NBA Louisville Cardinals

NBA Louisville Cardinals

Our next profile features alums from an annual contender that is one of the most successful programs in college basketball history. Although they rank in the top 10 in NCAA championships, Final Four appearances, NCAA tournament appearances, and NCAA tournament wins, their players have been more solid than spectacular in the pros. The NBA Louisville Cardinals team has a mix of glue guys who can be expected to compete hard, but will ultimately have a hard time challenging the more talented teams in our tournament.

The lead guard position will be split between Butch Beard and Jim Price. Both players were similar in stature (listed heights of 6’3”) and in career accomplishments, having both made one all-star appearance in their prime. Beard was a more efficient player who played a key role on the 1974-75 world champion Warriors, while Price used his ballhawking skills to make the All-NBA Defensive 2nd team the previous year. Both are solid, but are best suited for complementary roles. Dr. Dunkenstein, Darrell Griffith, is the team’s starting two guard. Griffith was a voluminous and oftentimes spectacular scorer, who averaged 21.0 points per game for the first five years of his career before a foot injury derailed his prime. He also was a competent three-point shooter, shooting a league-leading 36.1 percent (not a misprint – that actually led the league) in the 1983-84 season. He’ll serve as the team’s best scorer, and their best chance of generating halfcourt offense. Derek Smith and Francisco Garcia will spell Griffith for stretches, and play alongside him in three-guard lineups. Smith put up impressive numbers on unimpressive Clippers and Kings teams in the 1980s. He peaked in the 1984-85 campaign, when he averaged 22 points per game on 54 percent shooting from the field. Garcia was a deep shooting threat whose strengths are highlighted here; he’ll serve as a valuable cog off the bench.

Junior Bridgeman is another solid wing who will occupy one of the starting forward positions. Although he is best known for being one of the principals in the deal that sent Kareem Abdul-Jabbar to the Lakers (and recently, for his outrageous net worth), he was a spectacular sixth man for the talented Bucks teams of the late 70s to early 80s. He’ll fit in nicely alongside any of the other wing players, and will serve as the second scoring option for most of the lineups he’ll be a part of. Rodney McCray was a versatile weapon who could toggle between either forward position. He was a productive passer and excellent defender, making all-NBA defensive teams in 1987 and 1988. Off the bench, Jack Coleman was a two-time champion and one-time all-star in the 1950s. He nearly averaged a double-double for his career, and although he won’t be expected to replicate his success on the boards against the bigger, more athletic players in the modern game, he should be able to carve out minutes on this roster.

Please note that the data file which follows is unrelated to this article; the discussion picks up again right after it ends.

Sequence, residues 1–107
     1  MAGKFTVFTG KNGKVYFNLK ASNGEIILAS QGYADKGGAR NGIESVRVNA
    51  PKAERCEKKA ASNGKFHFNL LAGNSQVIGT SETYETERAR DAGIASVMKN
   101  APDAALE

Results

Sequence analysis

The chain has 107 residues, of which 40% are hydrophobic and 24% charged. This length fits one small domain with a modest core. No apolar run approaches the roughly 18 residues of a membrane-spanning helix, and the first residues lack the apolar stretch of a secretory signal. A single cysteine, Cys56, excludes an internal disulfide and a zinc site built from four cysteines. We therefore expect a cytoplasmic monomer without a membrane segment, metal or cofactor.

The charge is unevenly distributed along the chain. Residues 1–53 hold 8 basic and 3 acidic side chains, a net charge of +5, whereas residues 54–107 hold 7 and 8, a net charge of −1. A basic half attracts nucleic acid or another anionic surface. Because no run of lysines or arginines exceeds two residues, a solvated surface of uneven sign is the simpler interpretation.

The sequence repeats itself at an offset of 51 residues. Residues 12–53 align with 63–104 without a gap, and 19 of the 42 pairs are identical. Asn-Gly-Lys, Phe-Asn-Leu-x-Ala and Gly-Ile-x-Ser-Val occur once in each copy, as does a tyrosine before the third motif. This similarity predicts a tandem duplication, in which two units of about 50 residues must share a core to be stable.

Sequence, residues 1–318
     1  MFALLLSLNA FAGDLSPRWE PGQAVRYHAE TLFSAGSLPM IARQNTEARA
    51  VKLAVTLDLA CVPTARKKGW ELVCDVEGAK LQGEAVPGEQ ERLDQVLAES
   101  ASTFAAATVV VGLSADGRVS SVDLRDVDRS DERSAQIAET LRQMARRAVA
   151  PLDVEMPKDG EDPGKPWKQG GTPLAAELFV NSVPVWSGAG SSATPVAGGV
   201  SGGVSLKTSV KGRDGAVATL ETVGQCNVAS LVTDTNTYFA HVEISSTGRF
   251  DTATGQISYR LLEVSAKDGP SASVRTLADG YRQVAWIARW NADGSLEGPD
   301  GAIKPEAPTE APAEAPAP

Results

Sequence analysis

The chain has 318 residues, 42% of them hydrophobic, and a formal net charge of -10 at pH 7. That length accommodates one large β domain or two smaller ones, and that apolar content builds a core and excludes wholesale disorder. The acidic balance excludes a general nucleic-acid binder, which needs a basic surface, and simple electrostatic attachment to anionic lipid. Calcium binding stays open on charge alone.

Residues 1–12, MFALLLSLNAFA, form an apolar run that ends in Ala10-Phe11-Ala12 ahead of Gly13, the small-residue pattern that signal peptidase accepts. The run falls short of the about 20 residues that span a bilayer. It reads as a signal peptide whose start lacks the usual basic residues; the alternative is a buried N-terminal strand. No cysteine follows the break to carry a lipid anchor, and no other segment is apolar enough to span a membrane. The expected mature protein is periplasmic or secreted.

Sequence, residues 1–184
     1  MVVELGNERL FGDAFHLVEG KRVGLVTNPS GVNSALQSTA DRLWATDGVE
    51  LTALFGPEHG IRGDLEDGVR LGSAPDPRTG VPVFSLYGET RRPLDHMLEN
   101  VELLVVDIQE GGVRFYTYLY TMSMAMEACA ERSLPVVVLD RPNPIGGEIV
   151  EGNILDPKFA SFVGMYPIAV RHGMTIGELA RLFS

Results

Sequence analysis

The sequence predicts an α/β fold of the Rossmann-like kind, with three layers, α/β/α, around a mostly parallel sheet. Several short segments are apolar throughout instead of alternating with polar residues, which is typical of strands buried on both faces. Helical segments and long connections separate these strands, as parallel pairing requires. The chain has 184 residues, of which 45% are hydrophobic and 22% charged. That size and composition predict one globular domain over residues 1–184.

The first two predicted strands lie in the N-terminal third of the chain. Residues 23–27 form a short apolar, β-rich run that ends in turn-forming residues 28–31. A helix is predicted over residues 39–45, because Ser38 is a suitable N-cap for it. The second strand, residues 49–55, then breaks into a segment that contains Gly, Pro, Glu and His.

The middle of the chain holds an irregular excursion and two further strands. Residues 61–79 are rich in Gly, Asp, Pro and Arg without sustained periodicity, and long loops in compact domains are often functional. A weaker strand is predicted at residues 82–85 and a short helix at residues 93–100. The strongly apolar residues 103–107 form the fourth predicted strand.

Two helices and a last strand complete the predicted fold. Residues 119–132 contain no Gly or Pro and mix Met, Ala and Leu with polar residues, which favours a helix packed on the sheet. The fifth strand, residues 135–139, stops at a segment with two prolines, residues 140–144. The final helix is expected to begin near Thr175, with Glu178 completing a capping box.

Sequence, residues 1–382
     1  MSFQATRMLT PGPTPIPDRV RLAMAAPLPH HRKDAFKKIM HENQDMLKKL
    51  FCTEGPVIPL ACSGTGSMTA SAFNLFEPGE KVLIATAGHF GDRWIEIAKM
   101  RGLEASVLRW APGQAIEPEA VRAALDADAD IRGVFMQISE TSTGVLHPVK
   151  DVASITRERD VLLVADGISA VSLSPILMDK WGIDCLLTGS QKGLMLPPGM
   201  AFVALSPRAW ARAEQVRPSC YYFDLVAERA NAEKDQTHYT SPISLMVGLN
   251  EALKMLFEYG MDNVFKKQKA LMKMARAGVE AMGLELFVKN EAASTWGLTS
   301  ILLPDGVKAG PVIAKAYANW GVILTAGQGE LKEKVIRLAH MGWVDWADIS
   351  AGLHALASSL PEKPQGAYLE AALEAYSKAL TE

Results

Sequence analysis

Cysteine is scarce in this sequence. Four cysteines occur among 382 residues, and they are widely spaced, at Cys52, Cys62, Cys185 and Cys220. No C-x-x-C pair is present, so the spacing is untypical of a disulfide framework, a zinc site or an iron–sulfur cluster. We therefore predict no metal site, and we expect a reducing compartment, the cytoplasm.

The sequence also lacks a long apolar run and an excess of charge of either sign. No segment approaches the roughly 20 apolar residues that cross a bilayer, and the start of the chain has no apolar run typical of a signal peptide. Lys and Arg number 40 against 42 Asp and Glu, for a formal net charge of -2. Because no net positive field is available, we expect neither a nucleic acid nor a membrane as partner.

The starting center, Wes Unseld, is the most accomplished player on the roster. One of the toughest players in league history, Unseld overcame his relatively short stature to average 14 rebounds per game throughout his career. His outlet passing was the stuff of legends, as was his screen-setting, two subtle nuances of the game that affect winning, despite not showing up in the box score. He’s the embodiment of this NBA Louisville Cardinals team: the ultimate glue guy, who, despite his limitations, works to make others better and to help his team succeed. He’s backed up by a trio of big men. Pervis Ellison and Gorgui Dieng can play alongside Unseld against bigger opponents. Although Ellison was derided as a draft bust, he peaked as a 20-10 guy in the 1992 season, and was an effective shot blocker in his time in the league. Dieng is a solid defender who can also protect the rim. He is a solid mid-range shooter as well, who’s extending his range each year, which will help to open up the floor, especially when he gets paired with the space-clogging Unseld. Felton Spencer is the biggest player on the roster, who will play sparingly but can provide six extra fouls if facing a dominant center.

The NBA Louisville Cardinals are solid, scrappy, and physical. What they lack in high-end talent, they should make up for in versatility and effort. While they aren’t expected to advance far in the NBA March Madness Tournament, they’ll be a difficult match up for any opponent in the field.

All-Time Detroit Pistons vs. All-Time Charlotte Hornets

Commentary

Not even close.

Results

Detroit wins, four games to none.

Next Round

Detroit faces the winner of the All-Time Nets vs. All-Time Clippers.

More Commentary